This year's final stock-trading week promises to test investors' temperaments -- whether they take the long view.
Those investors with shorter horizons are likely to welcome the new year with a lot more cheer than their more long-term-minded counterparts.
As the countdown to 2010 begins, the wrap on the last decade in stocks is a gloomy one. Barring an unlikely 30% gain in the next four trading days, the S&P 500 (SPX 1,126, +5.89, +0.53%) is on track to post its first 10-year price drop since the 1930s.
But amidst the inevitable headlines on stocks' "lost decade," a more optimistic view tied to recent gains has emerged, MarketWatch reports.
The U.S. stock market's resiliency since the March bottom has put investors in the mood to celebrate. The trading week will be cut short by the New Year's Day holiday on Friday, when U.S. financial markets will be closed.
The S&P 500 is poised for what could possibly be its best year since 2003 -- in sharp contrast to a year ago, when stocks plummeted in the fallout from the mortgage crisis and panic rocked investors as 2009 got under way.
Even though no "all clear" has been sounded for the U.S. economy, equity strategists said stocks were poised to add to recent gains next week and build a base for a solid start to 2010 as optimism about the recovery grows.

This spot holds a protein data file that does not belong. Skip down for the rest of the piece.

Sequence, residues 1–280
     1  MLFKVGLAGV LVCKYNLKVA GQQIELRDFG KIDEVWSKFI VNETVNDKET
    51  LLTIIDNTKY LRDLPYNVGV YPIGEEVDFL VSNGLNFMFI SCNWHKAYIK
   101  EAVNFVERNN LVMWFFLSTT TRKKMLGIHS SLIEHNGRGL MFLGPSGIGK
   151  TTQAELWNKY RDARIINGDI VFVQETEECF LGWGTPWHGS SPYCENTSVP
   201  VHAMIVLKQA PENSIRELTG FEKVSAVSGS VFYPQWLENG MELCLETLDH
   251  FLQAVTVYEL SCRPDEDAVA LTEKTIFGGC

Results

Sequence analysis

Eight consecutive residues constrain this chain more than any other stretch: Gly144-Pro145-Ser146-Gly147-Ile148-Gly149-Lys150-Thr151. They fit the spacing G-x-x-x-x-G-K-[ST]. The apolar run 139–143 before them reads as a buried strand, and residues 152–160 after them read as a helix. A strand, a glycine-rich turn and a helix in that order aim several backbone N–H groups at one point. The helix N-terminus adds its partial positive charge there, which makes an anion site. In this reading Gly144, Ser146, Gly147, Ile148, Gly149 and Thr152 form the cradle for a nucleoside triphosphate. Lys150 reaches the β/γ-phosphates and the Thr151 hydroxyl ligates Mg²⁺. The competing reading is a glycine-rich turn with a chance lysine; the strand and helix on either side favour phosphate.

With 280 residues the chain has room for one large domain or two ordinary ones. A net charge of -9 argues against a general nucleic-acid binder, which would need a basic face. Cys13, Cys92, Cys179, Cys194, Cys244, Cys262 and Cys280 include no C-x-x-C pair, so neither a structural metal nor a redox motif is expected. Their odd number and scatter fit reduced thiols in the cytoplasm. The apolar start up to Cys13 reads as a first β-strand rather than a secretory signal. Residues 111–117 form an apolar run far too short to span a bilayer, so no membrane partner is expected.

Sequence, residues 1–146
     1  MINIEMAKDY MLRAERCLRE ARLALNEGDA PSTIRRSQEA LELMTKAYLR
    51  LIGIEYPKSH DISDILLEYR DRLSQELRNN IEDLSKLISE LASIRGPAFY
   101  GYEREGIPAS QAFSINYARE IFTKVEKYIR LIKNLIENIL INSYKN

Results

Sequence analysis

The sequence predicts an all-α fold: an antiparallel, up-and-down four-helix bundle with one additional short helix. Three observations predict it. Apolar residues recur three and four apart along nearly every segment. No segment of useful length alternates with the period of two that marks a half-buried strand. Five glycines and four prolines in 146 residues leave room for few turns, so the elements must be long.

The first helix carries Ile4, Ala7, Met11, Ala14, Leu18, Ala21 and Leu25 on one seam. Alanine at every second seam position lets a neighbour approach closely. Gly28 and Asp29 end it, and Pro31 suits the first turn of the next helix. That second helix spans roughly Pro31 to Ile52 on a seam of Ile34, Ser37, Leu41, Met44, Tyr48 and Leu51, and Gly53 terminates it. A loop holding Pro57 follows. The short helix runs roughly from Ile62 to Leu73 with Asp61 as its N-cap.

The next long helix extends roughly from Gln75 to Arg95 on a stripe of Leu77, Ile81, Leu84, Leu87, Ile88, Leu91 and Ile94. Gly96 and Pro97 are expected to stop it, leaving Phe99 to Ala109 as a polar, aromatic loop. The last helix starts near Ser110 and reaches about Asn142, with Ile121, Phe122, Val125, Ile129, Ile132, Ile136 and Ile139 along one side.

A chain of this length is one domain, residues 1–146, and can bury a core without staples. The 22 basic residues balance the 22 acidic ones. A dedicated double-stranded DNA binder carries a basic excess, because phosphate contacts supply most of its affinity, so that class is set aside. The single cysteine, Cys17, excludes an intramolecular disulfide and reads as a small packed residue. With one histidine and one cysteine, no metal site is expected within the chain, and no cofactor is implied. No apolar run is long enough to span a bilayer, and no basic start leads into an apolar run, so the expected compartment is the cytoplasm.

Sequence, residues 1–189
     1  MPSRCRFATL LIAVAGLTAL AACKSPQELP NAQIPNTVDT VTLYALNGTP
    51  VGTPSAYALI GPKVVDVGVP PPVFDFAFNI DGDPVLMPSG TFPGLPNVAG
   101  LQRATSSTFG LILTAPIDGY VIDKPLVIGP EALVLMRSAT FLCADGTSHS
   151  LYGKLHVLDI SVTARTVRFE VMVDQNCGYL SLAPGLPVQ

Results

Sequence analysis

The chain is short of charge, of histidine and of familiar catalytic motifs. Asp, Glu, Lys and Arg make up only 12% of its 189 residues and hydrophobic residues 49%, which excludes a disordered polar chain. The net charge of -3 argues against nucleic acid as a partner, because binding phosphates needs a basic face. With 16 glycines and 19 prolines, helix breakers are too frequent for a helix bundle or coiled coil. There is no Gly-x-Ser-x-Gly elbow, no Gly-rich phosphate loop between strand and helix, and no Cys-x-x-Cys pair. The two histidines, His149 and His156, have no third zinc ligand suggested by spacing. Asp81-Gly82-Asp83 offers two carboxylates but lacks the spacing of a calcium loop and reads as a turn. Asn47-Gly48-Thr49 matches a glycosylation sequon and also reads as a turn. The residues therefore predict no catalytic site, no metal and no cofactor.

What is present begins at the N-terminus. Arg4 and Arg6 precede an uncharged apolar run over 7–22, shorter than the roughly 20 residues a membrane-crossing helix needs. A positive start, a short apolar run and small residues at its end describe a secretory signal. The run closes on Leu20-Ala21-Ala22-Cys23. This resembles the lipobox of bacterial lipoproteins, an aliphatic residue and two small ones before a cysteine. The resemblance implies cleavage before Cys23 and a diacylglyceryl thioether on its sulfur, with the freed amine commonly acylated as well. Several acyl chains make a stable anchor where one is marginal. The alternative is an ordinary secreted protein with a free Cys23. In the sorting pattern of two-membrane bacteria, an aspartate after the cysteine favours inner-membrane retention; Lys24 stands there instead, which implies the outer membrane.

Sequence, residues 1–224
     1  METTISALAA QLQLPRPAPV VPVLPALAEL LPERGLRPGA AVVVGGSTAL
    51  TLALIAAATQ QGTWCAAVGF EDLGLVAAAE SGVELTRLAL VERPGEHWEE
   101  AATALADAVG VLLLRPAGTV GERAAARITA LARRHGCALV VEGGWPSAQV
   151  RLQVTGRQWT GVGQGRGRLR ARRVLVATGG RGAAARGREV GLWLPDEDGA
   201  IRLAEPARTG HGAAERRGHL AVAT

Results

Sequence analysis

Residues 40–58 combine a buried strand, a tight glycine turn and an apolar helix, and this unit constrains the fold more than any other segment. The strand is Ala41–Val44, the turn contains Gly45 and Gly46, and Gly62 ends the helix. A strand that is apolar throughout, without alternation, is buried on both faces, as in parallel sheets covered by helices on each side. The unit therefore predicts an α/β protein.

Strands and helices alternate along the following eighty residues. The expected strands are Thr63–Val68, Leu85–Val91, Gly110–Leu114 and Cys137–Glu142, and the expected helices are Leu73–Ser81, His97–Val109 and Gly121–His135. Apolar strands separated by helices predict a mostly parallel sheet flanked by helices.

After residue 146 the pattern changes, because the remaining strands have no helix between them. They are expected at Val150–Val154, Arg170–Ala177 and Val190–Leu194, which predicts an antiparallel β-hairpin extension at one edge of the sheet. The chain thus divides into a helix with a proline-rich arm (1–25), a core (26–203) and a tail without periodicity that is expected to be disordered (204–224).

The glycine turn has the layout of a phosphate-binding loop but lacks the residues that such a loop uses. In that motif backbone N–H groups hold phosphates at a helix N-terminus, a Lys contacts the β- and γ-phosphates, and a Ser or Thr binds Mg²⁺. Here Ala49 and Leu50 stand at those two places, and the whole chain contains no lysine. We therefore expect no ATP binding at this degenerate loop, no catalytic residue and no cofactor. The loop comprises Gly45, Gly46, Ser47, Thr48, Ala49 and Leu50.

"There's an upward bias," said Alan Lancz, president of Alan B. Lancz & Associates Inc, an investment advisory firm, based in Toledo, Ohio. "Economic numbers have been good. It's been an ideal situation for equities as there aren't that many other alternatives. I think the smarter money is going into equities," Reuters reports.
Meanwhile, U.S. stocks rose, pushing the Standard & Poor’s 500 Index to a 15-month high, as higher commodity prices boosted metal producers and reports showed the economy is improving.
Economic growth in the U.S. is accelerating even more than previously anticipated as business investment picks up and stockpiles fall at a slower pace, according to economists at Morgan Stanley in New York. The economy is poised to grow at a 5.1 percent annual rate from October through December, according to a revised forecast by Morgan Stanley following the Commerce Department’s report on durable goods yesterday. The new estimate is a percentage point higher than their earlier projection, BusinessWeek reports.
How could such a powerful air defense system miss dozens of drones and cruise missiles? There can be only one explanation to this
"As soon as we can see the concentration of American aircraft on airfields in Europe, we will simply destroy those airfields by launching our medium-range ballistic missiles at those targets"